Irrespective of how she feels about herself, Iyabo's conduct has dented the image of the National Assembly, not to mention the integrity of her colleagues in the Senate. Here was a woman who was elected to participate in the making of civil laws for the good governance of the country openly violating the foundation of our legal system. Here was a woman who was appointed to lead the Senate health committee abdicating the responsibility assigned to her directly by her fellow senators and indirectly by her constituency.
When Iyabo appeared before the Abuja High Court four days ago, Justice Salisu Garba took time to call Iyabo's bluff: "it is not right for an accused person to stay at home and ask her counsel to represent her in court." By ordering Iyabo to be remanded in police custody, Justice Garba also sent a clear message to Iyabo and all those who defended her ludicrous behaviour during the days of her hiding: no one runs away from justice forever. You can run away momentarily but justice will always prevail.
As Iyabo reflects on her conduct in the past five weeks, she must be informed she has set a very bad example to aspiring senators and politicians. By staying in hiding, Iyabo demonstrated her high level of political naivety. Consider the following. For the period she was in hiding, for the period she was absent without official leave, Iyabo abandoned her responsibilities in the Senate. The senate must not pay Iyabo for the period she abandoned her job. To do so would signal an endorsement of truancy and illegal behaviour. Iyabo must not be remunerated for doing nothing. No daughter of any former president should be entitled to unlawful conduct.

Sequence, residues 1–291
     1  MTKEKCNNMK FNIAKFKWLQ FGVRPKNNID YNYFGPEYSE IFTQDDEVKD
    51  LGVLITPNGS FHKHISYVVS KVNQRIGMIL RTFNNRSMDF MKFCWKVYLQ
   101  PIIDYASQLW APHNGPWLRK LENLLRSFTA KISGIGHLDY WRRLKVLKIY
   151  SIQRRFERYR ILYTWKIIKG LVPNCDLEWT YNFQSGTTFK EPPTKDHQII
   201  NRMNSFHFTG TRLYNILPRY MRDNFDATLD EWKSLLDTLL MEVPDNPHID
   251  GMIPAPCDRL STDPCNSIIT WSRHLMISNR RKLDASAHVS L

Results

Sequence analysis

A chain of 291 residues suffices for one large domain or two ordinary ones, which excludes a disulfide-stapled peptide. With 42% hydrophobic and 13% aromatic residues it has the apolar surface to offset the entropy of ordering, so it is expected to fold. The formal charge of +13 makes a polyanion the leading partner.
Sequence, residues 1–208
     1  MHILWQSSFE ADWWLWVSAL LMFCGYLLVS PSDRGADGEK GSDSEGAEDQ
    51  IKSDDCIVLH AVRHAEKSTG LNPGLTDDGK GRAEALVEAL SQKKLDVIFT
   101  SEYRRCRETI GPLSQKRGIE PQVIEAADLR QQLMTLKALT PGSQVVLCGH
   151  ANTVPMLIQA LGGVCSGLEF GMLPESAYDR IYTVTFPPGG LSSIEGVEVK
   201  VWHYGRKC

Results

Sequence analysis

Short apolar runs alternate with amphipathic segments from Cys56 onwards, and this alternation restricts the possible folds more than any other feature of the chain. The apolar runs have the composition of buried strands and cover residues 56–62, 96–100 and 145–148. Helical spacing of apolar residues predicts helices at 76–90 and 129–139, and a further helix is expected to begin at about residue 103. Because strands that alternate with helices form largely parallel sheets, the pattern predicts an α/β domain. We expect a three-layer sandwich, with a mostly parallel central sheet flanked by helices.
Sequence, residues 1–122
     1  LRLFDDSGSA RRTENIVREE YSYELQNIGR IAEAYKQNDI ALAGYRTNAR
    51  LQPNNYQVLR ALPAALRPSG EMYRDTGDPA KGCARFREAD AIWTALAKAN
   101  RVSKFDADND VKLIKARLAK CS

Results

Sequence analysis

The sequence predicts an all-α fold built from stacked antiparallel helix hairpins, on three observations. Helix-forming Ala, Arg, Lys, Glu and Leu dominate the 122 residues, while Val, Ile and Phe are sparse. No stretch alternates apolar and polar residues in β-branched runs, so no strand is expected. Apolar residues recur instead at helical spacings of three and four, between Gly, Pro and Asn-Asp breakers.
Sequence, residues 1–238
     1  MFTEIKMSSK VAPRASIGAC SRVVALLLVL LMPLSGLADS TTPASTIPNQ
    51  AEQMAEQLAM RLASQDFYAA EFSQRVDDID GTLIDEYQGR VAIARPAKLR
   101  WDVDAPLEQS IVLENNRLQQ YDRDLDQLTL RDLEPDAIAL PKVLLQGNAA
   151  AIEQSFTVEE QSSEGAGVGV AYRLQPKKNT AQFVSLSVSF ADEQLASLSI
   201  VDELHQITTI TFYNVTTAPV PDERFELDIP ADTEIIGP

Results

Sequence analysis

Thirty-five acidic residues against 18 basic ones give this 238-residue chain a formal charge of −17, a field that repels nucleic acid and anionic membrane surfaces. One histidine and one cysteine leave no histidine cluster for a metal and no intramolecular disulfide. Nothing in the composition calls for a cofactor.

Iyabo Obasanjo-Bello is a political tragedy, a liability to the Senate and a disgrace to her constituency. Iyabo's appearance in court this week, the fact that she was remanded in police custody even if for 48 hours serves to show that pig-headedness is not a desirable quality in anyone, senators included.
Why would a senator who has not yet been pronounced guilty by any law court in the country opt to go into hiding and in the process avoid her colleagues and her family and her job? Only Iyabo knows why she opted to run and run and run without looking back. Now the law has forced her to slow down so she could have a chance to answer serious questions about her integrity and financial accountability.
One of my nephews used to remind me, with the aid of a proverb, that the curved shape of the crayfish must be attributed to unnatural causes. In her dogged but failed determination to stay away from prosecution, Iyabo knew the weight of evidence against her would one day pull her down. Her trial, acquittal or conviction, is still a long way ahead. But she would have saved herself all this nonsense - the drama, the public embarrassment and the humiliation - if she had behaved responsibly, accepted good advice and reported to the EFCC for questioning.
By choosing to elope when the EFCC hasn't even started her prosecution, Iyabo has cast doubts on her innocence. As the saying goes, the guilty are afraid. It must be said that some of our female legislators have not been living up to public expectations of exemplary conduct. In the second half of 2007, a woman known as Patricia Etteh, the na?ve speaker of the House of Representatives, defied decorum and parliamentary procedures in her attempts to quash the evidence of corruption and improper conduct levelled against her by a panel that was set up by the House.
In the end, after months of unnecessary arrogance and stubbornness during which she held the nation hostage, Etteh was forced to quit her exalted office by a combination of public pressure and the strain of watching her family name sink with the corruption scandal. Iyabo Obasanjo-Bello seems determined to snatch the prize for political disrepute from Patricia Etteh.